1. The Secret History by Donna Tartt
I suffered through an entire semester of Gender and Sexuality in Ancient Greece because this book convinced me I would never be happy unless I studied classics and joined a cult. A group of friends—snobby Classics majors at an elite liberal arts school—accidentally kills one of their own. The plot simmers slowly. Let yourself be manipulated by this one. If anything is worth the time it takes to read 600 pages for fun, it’s this book.
2. Special Topics in Calamity Physics by Marisha Pessl
You can’t read a sentence of this book without tripping over six similes and fourteen obscure references. Nonetheless, it doesn’t read like Pessl is showing off. The narrator, Blue, a hyper-educated genius raised by her erudite single father is probably contemporary fiction’s best narrator. This is a reader’s book: the chapters are organized around a fictional Great Books syllabus. A lot of people consider this the natural successor to The Secret History, either its illegitimate child or rightful heir. High praise, but Special Topics absolutely holds up.
3. The Emperor’s Children by Claire Messud
A 9/11 book free of sentimentality and jingoism. Unbeknownst to me, die-hard Claire Messud fans consider this piece her sell out, her most commercial book and a departure from her high literary aspirations. Well, maybe I’m just a literary peasant, but I adored this poignant (and juicy) story of American privilege. Messud tells the story of three friends—Danielle, Julius, and Marina—who met at Brown University and moved to Manhattan. At 30-years-old, when the book finds them, they’ve accomplished far less than they imagined they would. This book treats 9/11 as an event in the context of the lives of its characters; its indirectness paints a truer portrait of what NYC was like.
4. The Interestings by Meg Wolitzer
The Interestings follows six friends from 1974 at age 15 to present day, as they hit—or miss—all of those major milestones—marriage, career, children and the like. The Interestings (the group’s name for themselves) are men and women, gay and straight, young and old, and Wolitzer infuses each of them with personalities that are at once startlingly realistic and dazzlingly compelling.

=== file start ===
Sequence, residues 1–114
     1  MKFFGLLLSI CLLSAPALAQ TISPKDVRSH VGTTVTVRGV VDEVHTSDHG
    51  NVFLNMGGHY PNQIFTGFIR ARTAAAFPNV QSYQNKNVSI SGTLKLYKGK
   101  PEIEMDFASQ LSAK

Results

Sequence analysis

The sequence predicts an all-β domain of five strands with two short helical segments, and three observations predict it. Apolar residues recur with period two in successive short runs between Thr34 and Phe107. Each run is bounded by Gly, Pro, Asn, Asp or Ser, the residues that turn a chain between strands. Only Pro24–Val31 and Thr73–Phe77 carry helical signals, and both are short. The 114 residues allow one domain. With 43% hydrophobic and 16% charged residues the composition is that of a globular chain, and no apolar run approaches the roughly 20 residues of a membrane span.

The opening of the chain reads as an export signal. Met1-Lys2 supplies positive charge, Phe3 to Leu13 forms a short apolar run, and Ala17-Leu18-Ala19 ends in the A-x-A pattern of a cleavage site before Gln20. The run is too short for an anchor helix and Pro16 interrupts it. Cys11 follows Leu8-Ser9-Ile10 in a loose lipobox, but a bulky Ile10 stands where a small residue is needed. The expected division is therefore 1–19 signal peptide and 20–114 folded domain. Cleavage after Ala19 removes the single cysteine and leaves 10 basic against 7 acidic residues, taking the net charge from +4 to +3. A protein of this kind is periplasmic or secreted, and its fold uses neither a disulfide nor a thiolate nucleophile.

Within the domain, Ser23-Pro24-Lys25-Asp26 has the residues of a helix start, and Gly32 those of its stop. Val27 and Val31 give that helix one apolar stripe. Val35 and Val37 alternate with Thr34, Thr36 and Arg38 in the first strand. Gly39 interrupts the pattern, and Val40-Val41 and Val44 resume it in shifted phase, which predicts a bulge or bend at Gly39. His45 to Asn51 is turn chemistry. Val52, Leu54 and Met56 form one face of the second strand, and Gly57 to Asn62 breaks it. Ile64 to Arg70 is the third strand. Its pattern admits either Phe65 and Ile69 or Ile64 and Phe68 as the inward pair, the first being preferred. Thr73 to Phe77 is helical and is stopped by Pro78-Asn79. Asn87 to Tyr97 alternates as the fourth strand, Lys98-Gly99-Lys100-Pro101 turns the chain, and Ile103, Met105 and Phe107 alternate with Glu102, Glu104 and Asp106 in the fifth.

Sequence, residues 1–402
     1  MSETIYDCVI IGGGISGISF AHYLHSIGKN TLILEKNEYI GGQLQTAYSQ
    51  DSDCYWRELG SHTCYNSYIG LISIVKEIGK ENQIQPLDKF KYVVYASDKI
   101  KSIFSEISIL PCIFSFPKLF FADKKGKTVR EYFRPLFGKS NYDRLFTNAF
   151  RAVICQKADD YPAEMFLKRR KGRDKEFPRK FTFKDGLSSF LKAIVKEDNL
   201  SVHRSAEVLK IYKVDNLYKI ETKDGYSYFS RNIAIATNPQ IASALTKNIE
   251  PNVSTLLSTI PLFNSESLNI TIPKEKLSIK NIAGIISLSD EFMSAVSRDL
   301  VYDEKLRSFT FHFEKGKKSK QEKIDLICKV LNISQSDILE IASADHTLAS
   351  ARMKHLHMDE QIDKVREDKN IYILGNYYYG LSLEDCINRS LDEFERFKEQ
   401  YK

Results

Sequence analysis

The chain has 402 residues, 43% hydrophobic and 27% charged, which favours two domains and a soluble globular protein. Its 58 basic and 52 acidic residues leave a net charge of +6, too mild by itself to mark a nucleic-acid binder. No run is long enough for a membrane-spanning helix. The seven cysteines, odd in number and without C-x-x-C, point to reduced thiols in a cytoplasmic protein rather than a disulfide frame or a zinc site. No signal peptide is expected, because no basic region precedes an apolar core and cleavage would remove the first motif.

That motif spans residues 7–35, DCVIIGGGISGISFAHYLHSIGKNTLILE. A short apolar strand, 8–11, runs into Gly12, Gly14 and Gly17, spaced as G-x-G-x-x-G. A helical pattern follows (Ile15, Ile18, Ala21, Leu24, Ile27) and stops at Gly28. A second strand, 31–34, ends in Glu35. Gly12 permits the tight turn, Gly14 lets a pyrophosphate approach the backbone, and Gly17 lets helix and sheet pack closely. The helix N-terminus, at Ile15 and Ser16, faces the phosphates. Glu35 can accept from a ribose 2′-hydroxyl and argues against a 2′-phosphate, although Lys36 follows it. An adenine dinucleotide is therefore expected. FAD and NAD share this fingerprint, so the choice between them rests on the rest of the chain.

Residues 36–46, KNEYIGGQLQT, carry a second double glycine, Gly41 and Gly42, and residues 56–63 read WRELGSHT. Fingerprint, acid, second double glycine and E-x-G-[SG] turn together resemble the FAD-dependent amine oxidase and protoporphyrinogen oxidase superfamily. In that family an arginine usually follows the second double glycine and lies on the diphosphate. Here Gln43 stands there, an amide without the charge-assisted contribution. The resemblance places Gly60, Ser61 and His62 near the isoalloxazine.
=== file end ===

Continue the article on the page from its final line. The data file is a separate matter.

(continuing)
5. Wide Sargasso Sea by Jean Rhys
Wide Sagrasso Sea is a radical re-telling of Jane Eyre, from the point of view of the famous madwoman in the attic, Bertha Mason. In Rhys’ prequel, Bertha, called Antoinette Cosway, gives the account of her childhood and her unhappy marriage with Mr. Rochester. This book is post-colonial without being pedantic as it explores race, displacement, and assimilation through one of literature’s most vilified women.
6. When the Emperor Was Divine by Julie Otsuka
Julie Otsuka is a painter as well as a novelist and it shows in her writing. I learned the word “paratactic” to describe this book, which tells the story of a Japanese mother, son, and daughter—that’s all we ever get to call them— as they experience President Roosevelt’s evacuation order in 1942 to an internment camp in Utah, where they live for three years. It’s sparse but heartbreaking, and knocks America off the moral pedestal of this so-called Great War through thorough but not overwhelming research.
7. The Penelopiad by Margaret Atwood
I should have included Atwood up there with Austen and Woolf considering most high school students are assigned The Handmaid’s Tale. I wasn’t (for shame!) and didn’t discover it until after I read this. Atwood re-tells the Odyssey, except this time Penelope narrates. With humor and insight, Atwood gives new life to the most loyal wife in the history of literature.
8. I Was Told There’d Be Cake By Sloane Crosley
“Life starts out with everyone clapping when you take a poo and goes downhill from there.” Sloane Crosley is the funniest writer since David Sedaris. I dare you to read any of her essays and disagree with me.